We believe that this is such a case. Accord: Warren Park Estates v. Tp. Comm. E. Windsor, 136 N.J. Super. 180, 345 A.2d 346 (1975); City of Minnetonka v. Mark Z. Jones Assn., Minn., 236 N.W.2d 163 (1975). Applying the balancing test set forth in Heinig, we conclude that the state's interest in the subject of adequate housing and uniform building standards is paramount. Local concerns must yield to the more compelling concern of statewide uniformity in the area involved here. A variety of local municipal building regulations would defeat the declared state policy of a uniform building code. As the trial judge observed in his letter opinion:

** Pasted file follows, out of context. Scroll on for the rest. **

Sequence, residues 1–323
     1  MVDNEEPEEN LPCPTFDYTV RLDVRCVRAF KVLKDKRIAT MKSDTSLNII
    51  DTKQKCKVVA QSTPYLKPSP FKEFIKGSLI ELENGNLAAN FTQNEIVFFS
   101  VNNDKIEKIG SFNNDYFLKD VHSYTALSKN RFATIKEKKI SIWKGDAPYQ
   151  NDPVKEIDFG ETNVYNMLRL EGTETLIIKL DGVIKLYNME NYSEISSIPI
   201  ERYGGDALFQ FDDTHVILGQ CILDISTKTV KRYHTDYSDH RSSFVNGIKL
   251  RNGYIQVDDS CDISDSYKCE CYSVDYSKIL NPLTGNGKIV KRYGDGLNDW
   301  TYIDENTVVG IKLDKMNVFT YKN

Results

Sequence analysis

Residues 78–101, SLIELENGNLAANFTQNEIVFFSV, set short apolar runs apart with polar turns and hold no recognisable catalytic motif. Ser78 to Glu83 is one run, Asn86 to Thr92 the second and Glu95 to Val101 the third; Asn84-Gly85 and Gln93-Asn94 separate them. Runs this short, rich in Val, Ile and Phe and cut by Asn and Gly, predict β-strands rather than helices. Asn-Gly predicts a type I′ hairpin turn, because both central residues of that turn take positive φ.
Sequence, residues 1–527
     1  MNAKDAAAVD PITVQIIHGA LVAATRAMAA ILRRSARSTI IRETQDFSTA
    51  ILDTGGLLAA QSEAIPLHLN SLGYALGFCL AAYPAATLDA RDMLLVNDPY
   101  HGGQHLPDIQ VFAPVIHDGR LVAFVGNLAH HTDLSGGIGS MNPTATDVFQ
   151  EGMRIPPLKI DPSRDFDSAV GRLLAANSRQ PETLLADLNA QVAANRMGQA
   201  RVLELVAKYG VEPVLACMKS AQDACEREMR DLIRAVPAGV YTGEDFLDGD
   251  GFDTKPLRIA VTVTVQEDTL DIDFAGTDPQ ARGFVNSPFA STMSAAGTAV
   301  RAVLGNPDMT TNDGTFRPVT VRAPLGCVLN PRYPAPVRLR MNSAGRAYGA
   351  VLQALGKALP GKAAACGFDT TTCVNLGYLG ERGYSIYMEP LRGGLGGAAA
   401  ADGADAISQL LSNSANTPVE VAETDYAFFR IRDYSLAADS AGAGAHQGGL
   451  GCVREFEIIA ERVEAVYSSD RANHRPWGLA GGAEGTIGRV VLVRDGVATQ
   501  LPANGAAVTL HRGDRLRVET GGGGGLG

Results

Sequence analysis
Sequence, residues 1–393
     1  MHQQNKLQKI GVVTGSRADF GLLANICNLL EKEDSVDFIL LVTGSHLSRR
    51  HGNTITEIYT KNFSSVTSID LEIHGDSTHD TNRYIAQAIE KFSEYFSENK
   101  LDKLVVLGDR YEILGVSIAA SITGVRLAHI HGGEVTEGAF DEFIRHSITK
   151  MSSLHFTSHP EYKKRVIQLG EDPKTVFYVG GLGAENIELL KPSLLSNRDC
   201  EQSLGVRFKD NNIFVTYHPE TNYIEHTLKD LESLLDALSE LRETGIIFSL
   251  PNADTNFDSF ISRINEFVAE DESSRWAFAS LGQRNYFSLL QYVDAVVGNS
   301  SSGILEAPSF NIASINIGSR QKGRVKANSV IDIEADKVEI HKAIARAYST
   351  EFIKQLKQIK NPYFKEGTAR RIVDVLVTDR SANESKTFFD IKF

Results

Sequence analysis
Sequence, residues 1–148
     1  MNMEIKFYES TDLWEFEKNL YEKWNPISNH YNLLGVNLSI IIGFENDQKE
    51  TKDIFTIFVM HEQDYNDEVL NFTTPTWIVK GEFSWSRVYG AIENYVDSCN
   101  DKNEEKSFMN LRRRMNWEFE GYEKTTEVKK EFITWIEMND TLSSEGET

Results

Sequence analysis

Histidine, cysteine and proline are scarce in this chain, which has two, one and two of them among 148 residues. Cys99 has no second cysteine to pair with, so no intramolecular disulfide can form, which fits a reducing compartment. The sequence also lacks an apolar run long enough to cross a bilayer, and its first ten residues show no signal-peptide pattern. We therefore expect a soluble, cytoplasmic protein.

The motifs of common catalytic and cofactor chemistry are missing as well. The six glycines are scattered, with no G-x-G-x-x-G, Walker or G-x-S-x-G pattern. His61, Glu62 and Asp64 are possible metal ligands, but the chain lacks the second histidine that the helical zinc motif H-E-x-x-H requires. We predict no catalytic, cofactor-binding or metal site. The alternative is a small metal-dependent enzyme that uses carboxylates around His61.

"* * * Uniformity is particularly important as the [housing] industry is embarking on the era of the mass or factory constructed home. * * *"

We cannot accept defendants' contention that the state code requirement for single wall construction merely provides for a minimum requirement, and that any city is free to adopt more stringent requirements. Not only is this contrary to ORS 456.775(1) and 456.755(1), it would destroy uniformity and in effect be permitting the city to do indirectly that which it cannot do directly. See, City of LaGrande v. PERB, 28 Or. App. 9, 558 P.2d 1236 (1977).